FIG. 7 is a diagram showing output timing of microwave output of each microwave power source in the prior art.
An Embodiment of a MEGLO of the invention is described below while referring to the drawings. FIG. 1 is a block diagram explaining one MOU showing the constitution of the embodiment. FIG. 2 is a block diagram of the MEGLO of the invention using a plurality of MOUs shown in FIG. 1. Same constituent elements as in the prior art in FIG. 6 are identified with same reference numerals, and their description is omitted. For simplicity of description, four MGUs are shown in FIG. 1a first MGU 201, second MGU 202, third MGU 203, and fourth MGU 204. A discharge tube 3 in which laser gas flows is inserted into a waveguide 2 for composing MGU 201, MGU 202, MGU 203, and MGU 204. In FIG. 1, four sets of closely disposed MGUs are shown as an example, but the invention is not limited to four sets. The number of MGUs used may be two sets or more for one discharge tube. Referring now to FIG. 1 and FIG. 2, the embodiment is described below.
The microwaves generated from the magnetron 1, in the discharge area 10 form a microwave glow discharge. Also, as shown in FIG. 1, each power source 4 of the plural MGUs composed in one discharge tube 3 forms one power source unit 5. The power source unit 5 has a reference clock input terminal 18 for receiving a reference clock, and also includes a phase shifter 7 for setting a phase difference of a switching phase of each power source 4. This phase shifter 7 controls the switching phase of each power source 4.
A main controller 6 shown in FIG. 2 controls the power source units 5 composed in a plurality of MOUs 400 in batch, and issues a reference clock to each power source unit 5 through each input terminal 18. A laser resonator is composed of an output mirror 8, which is a partial reflector and a total reflector 9, and a laser beam is delivered from the output mirror 8. In FIG. 2, two sets of MOUs 400 are shown, but the MEGLO of the embodiment is not limited to only two sets. A further multiplicity may be used depending on the required output of the MEGLO.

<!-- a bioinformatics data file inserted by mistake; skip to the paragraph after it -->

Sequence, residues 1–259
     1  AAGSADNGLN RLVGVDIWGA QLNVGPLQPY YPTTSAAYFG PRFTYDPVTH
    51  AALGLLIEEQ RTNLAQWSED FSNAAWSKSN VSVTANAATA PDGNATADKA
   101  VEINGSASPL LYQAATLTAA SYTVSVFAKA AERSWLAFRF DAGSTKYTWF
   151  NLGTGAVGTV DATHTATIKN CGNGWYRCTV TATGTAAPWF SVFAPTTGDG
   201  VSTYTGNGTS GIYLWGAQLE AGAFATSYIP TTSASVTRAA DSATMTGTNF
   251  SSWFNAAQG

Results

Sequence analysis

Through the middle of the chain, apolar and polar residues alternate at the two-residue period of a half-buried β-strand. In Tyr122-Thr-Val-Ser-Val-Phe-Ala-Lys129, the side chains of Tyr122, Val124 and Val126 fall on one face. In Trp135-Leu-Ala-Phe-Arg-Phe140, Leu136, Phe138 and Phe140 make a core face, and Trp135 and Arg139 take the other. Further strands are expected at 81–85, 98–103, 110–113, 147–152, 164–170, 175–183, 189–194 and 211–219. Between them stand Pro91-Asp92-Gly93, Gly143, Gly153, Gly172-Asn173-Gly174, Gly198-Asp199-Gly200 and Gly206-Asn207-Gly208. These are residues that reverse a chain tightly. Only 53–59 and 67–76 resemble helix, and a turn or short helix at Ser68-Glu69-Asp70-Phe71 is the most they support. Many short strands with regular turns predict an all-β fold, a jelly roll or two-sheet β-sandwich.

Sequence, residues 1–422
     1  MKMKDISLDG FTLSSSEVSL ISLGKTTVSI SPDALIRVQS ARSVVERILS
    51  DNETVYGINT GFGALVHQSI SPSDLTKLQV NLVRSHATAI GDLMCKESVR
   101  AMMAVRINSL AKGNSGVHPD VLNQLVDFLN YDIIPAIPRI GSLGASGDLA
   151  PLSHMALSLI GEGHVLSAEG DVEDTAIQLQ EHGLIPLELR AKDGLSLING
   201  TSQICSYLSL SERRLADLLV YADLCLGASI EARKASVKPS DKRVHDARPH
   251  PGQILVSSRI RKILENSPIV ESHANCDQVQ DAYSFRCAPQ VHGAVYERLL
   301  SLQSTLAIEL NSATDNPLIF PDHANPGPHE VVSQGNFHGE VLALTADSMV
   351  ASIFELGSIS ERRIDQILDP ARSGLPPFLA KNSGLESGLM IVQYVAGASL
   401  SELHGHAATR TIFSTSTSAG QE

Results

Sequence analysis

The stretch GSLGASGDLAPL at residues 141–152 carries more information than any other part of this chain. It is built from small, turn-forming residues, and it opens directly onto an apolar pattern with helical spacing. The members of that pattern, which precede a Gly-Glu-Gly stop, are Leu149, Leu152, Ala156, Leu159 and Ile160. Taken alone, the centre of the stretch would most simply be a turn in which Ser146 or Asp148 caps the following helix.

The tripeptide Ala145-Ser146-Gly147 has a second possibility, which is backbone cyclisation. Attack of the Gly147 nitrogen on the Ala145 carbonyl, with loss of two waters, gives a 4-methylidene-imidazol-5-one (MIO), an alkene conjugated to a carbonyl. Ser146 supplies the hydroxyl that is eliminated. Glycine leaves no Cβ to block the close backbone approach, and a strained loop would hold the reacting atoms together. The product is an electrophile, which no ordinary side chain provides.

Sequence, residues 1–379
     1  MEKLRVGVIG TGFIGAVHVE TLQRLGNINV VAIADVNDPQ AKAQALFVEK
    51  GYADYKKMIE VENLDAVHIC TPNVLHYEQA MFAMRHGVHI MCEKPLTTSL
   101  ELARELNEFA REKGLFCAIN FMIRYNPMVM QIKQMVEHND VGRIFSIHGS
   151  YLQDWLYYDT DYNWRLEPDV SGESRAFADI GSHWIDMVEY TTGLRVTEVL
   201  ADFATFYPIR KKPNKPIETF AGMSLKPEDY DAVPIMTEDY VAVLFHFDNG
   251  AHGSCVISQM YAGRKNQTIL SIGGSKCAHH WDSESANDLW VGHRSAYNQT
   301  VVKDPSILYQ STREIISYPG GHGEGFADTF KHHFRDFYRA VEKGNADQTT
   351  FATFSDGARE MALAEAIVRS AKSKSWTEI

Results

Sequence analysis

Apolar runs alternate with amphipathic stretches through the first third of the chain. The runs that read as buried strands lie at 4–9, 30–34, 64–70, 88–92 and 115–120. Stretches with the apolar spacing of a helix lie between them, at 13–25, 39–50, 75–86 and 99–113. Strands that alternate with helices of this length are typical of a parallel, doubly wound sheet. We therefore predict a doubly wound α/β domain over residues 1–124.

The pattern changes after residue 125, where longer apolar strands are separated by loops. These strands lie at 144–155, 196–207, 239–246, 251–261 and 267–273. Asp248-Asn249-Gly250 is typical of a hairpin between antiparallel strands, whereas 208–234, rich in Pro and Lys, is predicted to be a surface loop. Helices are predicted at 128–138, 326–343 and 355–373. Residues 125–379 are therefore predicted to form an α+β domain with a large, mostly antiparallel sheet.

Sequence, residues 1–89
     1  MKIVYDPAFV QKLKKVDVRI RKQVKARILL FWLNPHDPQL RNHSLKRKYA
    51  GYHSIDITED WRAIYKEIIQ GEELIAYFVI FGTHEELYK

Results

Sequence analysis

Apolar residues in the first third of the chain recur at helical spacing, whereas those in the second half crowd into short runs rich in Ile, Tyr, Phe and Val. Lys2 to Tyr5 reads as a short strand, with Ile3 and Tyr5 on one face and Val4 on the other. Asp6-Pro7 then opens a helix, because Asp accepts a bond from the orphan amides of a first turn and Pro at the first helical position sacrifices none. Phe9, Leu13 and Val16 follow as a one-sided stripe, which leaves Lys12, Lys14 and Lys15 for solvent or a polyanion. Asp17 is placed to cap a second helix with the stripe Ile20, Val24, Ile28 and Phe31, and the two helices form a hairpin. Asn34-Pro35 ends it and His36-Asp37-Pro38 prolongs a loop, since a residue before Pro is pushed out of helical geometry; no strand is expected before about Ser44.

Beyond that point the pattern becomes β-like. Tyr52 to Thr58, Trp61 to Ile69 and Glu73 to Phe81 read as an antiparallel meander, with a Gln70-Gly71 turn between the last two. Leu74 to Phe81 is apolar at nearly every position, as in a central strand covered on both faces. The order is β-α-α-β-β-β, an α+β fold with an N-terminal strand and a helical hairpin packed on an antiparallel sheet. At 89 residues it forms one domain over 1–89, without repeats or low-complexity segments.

The operation of the MEGLO in the thus constituted embodiment of the invention is described below. A reference clock of about 20 kHz is sent from the main controller 6 to each power source unit 5. Each power source 4 is switched at the frequency of this reference clock, and each magnetron 1 issues intermittent microwaves, as shown in FIG. 3 turning on for a period of Ton 101 and turning off for a period of Toff 102. In order to stabilize the microwave output, PWM control of a specific off time is effected. Its frequency is about 20 kHz. The reference clock is inputted into the power source 4 through the phase shifter 7. Then, as shown in FIG. 4, the microwave outputs of MGU 201, MGU 202, MGU 203, and MGU 204 each have a phase difference α. For example, as shown in FIG. 4, in the microwave OFF time Toff 102 between MGU 201 and MGU 203, the adjacent MGU 202 and MGU 204 issue microwaves. To the contrary, in the microwave OFF time Toff 102 between MGU 202 and MGU 204, the adjacent MGU 201 and MGU 203 issue microwaves. In this way, by keeping an appropriate phase difference in the microwave outputs of adjacent MGUs, mutual discharge interference between adjacent discharge areas 10 can be avoided. The microwave emitted from each magnetron 1 is injected into the discharge area 10, which is part of the discharge tube 3 in which laser gas flows, through each waveguide 2. In the discharge area 10, the laser gas is discharged by the microwave, and is excited. The excited and generated laser beam is amplified in the laser resonator composed of the output mirror 8 which is a partial reflector, and the total reflector 9. Part of the laser beam amplified in the laser resonator is delivered outside from the output mirror 8. As a result, mutual discharge interference of adjacent discharge areas 10 is avoided, so that a stable laser beam may be emitted.